This has always been in the back of my head, but I think it’s time to talk about how much is going on with cards.

Magic has a long history of cards across all different kinds of viability and playability in competitive, casual, and everything in between. What may be considered “good” in one aspect of the game, may not be a factor at all in another. What may have a huge fun factor in your friend’s table, may be miserable in a different context. This should go without saying, but what makes Magic so wonderful is how the same text of a card can be interpreted so differently in different contexts.

But how much text is too much text?

Well, it’s complicated.

Now, I want to preface this by saying that I do not design cards, nor have I ever. I don’t claim to know much about the design process, and I don’t necessarily blame the designers either. It’s not really a problem, but more of an observation and a concern.

The text on a card is pretty much how anything functions in the game, even if the card has no text at all. All of Magic’s history is centered around text. A rather major problem I feel recent cards have had is the excess of text on cards. I don’t mean cards that operationally tell you to do one thing, because regardless of text, most cards that tell you to do one thing aren’t too tough to follow in a vacuum. Many cards can tell you to do things, tell you to keep track of things, or tell you to stop doing a thing. The problem lies when multiple instances of either of those three happen in an interwoven manner.

Now be honest with me. Did you know that Questing Beast unpreventable combat damage is for all creatures you control the first time you read or played it? Did you know that it’s the only ability it has that affects all creatures you control? The funny part is that this isn’t the only thing I’ve heard or seen players at any level complain about losing track of. I firmly believe that this was the progenitor of the problem I’m talking about. There have been a few examples of this since Questing Beast, but March of the Machines reignited this for me in a vehemently tilting way. I actually like and enjoy a lot of the set, but there’s one card which really made me want to rip my hair out.

I don’t particularly care much for tacked on things, so things like the black Phyrexian mana don’t bother me. My problem lies with this text:

“…add three mana in any combination of its colors and put it into your hand”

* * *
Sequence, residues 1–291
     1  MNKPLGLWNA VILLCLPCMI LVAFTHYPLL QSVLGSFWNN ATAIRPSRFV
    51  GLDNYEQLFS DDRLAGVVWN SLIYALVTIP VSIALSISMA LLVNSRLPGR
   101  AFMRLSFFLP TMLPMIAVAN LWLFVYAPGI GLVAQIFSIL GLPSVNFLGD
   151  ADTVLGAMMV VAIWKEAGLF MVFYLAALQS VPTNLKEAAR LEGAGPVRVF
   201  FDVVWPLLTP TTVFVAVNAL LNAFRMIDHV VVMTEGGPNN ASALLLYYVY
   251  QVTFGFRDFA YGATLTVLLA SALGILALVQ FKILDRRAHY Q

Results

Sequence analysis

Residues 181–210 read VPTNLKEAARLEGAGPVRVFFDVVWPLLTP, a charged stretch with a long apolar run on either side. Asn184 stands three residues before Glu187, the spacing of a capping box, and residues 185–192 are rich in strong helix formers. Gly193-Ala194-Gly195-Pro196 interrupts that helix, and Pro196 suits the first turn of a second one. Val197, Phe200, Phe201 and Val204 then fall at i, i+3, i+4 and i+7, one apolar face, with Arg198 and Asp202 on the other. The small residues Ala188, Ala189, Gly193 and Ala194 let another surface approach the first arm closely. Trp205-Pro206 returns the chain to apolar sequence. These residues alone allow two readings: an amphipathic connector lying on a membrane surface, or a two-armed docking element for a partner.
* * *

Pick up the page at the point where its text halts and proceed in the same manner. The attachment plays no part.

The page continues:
Now first of all, why am I adding mana in any combination of colors if I’m going to potentially lose the opportunity to utilize the colors in my next phase? Is this a design choice to limit the decks it can go in; sort of a way to not abuse the Phyrexian mana cost in decks and make you use the black mana or relegate it to effectively colorless? I don’t think it’s necessarily a bad choice, as adding inherent limitations to a card’s potential is pretty crucial to design spaces. My issue comes with having to keep track of both the colored mana in the precombat main phase this ability triggered, and the black mana in every other phase, which directly goes against keeping track of mana in the first place in decks where black mana isn’t used. It’s not that it’s hard to keep track of mana fundamentally, it’s the unintuitiveness of it all, especially in decks which are using so many colors.

It’s telling me to keep track of two different things, at different spots, while also telling me to do something that affects one of the things I’m keeping track of but not the other. I think the card is powerful, and good in a lot of formats, and I personally won’t have too much of a problem with it. It feels like a mess to achieve a deckbuilding “penalty” for not utilizing all of its colors, at the right place and time, which doesn’t feel necessary.

It’s not often a card gets me excited for the wrong reasons, but Omnath, Locus of all definitely did that for me this time around. Card design is really tough, and I don’t think it’s a failure of the game or anything, but sometimes there’s a little too much convolution.

Anthony Lowry (they/he) is a seasoned TCG, MMORPG, and FPS veteran. They are extensively knowledgeable on the intricacies of many competitive outlets, and are always looking for a new challenge in the gaming sphere.

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